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How much WEIGHT would you LIFT on other PLANETS? (3D Animation)

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#1 chrysalis

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Posted 28 August 2023 - 04:25 AM

ANOTHER really cool video!!

 

https://www.youtube....h?v=vwKbjFHRoTM


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#2 TOMDEY

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Posted 28 August 2023 - 05:32 AM

Technically, one's weight lifting capability (ability to move and exert a holding force against a gravitational field) would be invariant, but the mass so-supported would vary in inverse proportion to the strength of that field.    Tom

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  • 55 weight lifting.jpg

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#3 TOMDEY

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Posted 28 August 2023 - 05:38 AM

Funny! --- Two other observations: 1) The guy's ability to support and accelerate his own body would vary immensely 2) he'd burn up on the sun. But this stuff remains only theoretical at this point. We should send calibrated professional astronautic weight lifters to those places to confirm the theory. At that point, it can become law.    Tom


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#4 chrysalis

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Posted 28 August 2023 - 06:01 AM

Funny! --- Two other observations: 1) The guy's ability to support and accelerate his own body would vary immensely 2) he'd burn up on the sun. But this stuff remains only theoretical at this point. We should send calibrated professional astronautic weight lifters to those places to confirm the theory. At that point, it can become law.    Tom

Asimov would have LOVED these videos!



#5 Jon Isaacs

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Posted 28 August 2023 - 07:05 AM

Technically, one's weight lifting capability (ability to move and exert a holding force against a gravitational field) would be invariant, but the mass so-supported would vary in inverse proportion to the strength of that field.    Tom

waytogo.gif

 

Weight (pounds) is a force. The Newton is the unit of force in the metric system...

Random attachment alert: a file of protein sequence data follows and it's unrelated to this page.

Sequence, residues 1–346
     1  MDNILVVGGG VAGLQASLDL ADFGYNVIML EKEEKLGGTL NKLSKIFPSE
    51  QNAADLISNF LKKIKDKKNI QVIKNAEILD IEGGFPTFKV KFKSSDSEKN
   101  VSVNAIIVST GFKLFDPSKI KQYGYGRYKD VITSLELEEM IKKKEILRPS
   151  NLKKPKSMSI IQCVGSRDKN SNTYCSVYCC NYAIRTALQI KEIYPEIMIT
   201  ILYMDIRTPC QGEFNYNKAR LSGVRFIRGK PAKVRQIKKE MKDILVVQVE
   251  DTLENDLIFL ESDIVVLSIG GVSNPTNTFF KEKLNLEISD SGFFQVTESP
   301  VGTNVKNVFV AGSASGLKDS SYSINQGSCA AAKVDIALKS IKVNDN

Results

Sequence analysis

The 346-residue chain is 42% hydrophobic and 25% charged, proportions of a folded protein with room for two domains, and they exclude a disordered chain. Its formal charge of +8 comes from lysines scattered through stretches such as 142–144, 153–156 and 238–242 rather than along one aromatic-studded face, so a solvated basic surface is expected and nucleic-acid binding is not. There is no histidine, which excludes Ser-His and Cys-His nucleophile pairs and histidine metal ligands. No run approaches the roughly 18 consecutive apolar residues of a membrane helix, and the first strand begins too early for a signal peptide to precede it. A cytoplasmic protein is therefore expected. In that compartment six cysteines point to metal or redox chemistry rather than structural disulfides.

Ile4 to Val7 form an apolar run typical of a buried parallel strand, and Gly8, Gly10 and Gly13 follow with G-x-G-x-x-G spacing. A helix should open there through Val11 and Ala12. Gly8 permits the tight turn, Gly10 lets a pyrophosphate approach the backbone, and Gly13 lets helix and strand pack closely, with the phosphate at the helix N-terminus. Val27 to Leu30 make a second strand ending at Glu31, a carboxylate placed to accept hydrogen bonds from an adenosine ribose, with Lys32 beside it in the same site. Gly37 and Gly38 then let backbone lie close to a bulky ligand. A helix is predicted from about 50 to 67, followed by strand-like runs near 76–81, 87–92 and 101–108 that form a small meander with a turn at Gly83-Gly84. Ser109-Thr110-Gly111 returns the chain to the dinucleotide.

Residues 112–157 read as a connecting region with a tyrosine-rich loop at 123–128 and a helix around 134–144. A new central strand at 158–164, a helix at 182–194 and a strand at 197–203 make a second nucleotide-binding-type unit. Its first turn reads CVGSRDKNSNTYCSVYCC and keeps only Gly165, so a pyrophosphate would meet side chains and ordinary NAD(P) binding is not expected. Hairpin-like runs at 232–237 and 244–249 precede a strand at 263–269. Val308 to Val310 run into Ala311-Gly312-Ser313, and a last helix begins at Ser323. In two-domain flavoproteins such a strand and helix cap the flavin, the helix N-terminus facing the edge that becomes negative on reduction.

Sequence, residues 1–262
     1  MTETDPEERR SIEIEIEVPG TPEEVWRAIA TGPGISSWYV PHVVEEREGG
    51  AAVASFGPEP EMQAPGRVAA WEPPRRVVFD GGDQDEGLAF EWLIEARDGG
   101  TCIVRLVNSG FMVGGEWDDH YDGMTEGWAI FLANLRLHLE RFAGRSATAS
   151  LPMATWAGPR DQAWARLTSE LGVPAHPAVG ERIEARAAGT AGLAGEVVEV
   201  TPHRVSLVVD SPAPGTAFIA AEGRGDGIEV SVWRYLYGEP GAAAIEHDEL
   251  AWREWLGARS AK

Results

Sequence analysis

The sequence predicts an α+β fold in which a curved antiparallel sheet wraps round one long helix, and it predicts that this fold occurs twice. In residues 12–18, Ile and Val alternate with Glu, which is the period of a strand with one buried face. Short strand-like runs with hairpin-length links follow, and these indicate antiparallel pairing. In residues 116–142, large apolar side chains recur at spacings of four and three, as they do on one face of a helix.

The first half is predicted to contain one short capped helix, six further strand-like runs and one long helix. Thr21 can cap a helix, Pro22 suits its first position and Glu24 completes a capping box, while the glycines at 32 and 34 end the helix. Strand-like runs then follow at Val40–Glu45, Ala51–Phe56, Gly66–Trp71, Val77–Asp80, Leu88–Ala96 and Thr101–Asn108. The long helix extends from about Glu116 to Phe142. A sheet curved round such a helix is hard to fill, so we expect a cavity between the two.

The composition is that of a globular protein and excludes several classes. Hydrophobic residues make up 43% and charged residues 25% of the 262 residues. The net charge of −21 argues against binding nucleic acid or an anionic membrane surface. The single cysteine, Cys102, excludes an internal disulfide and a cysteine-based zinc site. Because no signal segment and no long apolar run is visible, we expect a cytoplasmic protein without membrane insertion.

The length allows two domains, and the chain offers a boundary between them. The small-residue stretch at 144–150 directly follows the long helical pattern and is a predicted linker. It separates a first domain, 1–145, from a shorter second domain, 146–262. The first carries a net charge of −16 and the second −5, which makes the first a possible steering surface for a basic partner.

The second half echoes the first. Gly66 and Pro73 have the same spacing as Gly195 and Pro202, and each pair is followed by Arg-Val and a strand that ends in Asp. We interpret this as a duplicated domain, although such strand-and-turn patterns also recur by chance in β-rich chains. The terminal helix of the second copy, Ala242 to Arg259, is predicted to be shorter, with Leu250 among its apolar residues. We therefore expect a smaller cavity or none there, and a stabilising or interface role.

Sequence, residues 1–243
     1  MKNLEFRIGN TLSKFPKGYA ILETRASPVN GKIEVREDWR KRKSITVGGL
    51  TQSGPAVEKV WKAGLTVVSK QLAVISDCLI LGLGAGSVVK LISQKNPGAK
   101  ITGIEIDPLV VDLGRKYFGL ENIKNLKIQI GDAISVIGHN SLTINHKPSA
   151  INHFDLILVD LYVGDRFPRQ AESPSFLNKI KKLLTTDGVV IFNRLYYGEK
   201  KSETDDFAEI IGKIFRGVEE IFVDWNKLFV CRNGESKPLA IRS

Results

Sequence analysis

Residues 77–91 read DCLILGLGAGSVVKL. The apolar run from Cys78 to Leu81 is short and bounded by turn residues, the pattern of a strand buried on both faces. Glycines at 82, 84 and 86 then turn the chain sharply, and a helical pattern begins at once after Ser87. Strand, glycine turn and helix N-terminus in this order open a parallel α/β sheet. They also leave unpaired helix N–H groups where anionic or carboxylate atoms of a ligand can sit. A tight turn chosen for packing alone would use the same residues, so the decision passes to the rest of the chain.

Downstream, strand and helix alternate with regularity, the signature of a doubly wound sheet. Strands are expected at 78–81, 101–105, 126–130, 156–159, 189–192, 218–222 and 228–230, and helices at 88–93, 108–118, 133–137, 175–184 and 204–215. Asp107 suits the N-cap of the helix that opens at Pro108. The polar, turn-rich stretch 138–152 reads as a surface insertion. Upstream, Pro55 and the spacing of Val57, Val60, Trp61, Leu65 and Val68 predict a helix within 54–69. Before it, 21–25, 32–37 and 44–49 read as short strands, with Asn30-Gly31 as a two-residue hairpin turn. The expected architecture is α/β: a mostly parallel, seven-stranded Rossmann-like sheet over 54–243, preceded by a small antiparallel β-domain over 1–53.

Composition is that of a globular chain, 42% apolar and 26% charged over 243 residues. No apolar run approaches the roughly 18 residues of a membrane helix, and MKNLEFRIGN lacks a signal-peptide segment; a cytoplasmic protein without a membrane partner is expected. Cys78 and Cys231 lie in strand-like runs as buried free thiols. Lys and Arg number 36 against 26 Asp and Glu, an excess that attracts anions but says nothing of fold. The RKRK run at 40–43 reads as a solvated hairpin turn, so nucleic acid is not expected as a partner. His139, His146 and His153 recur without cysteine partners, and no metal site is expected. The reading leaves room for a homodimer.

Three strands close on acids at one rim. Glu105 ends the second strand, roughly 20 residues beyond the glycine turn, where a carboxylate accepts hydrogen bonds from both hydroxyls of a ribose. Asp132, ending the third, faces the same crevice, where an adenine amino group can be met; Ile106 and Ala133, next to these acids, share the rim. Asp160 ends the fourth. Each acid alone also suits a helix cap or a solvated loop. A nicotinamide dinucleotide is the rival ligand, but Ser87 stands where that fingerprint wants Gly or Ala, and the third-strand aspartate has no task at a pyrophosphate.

The unit of mass in the English system is the slug.. A slug is about 14.6 kg.. 

 

It is usual for people to equate kilograms to pounds but kilograms is a mass so it's not really correct.  The assumption is that the conversion is being done here on the surface of the earth.  A safe assumption for many of us.. smile.gif

 

Jon


Edited by Jon Isaacs, 28 August 2023 - 01:01 PM.

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#6 TOMDEY

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Posted 28 August 2023 - 03:07 PM

waytogo.gif

 

Weight (pounds) is a force. The Newton is the unit of force in the metric system...

 

The unit of mass in the English system is the slug.. A slug is about 14.6 kg.. 

 

It is usual for people to equate kilograms to pounds but kilograms is a mass so it's not really correct.  The assumption is that the conversion is being done here on the surface of the earth.  A safe assumption for many of us.. smile.gif

 

Jon

Yep --- a lowly slug weighs ~32 pounds --- those English Slugs are downright frightening!    Tom

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  • 56 Slugs Sci-Fi film.jpg

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#7 csa/montana

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Posted 29 August 2023 - 08:49 AM

Moved to Science! Astronomy & Space Exploration, and Others.


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#8 yuzameh

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Posted 30 August 2023 - 05:34 AM

waytogo.gif

 

Weight (pounds) is a force. The Newton is the unit of force in the metric system...

 

The unit of mass in the English system is the slug.. A slug is about 14.6 kg.. 

 

It is usual for people to equate kilograms to pounds but kilograms is a mass so it's not really correct.  The assumption is that the conversion is being done here on the surface of the earth.  A safe assumption for many of us.. smile.gif

 

Jon

We've been metric, except for the regional let off of the mile and the pint (that's a proper pint, not that 16 fluid ounce thingy), for ages now, even food went from pounds to kilograms about a decade or so ago (that was the last thing to go).  I probably ought to write to our supermarkets and tell 'em to stop putting the word weight on things and change it to mass.

 

As you mentioned, weight is now measured in tons of newts, although most USA publishing Astronomy and Astrophysics versions seem to whine on about dynes when it comes to force, as USA science is still mired in cgs units it seems.  erg!!!  (prounced like an exclamation of announce).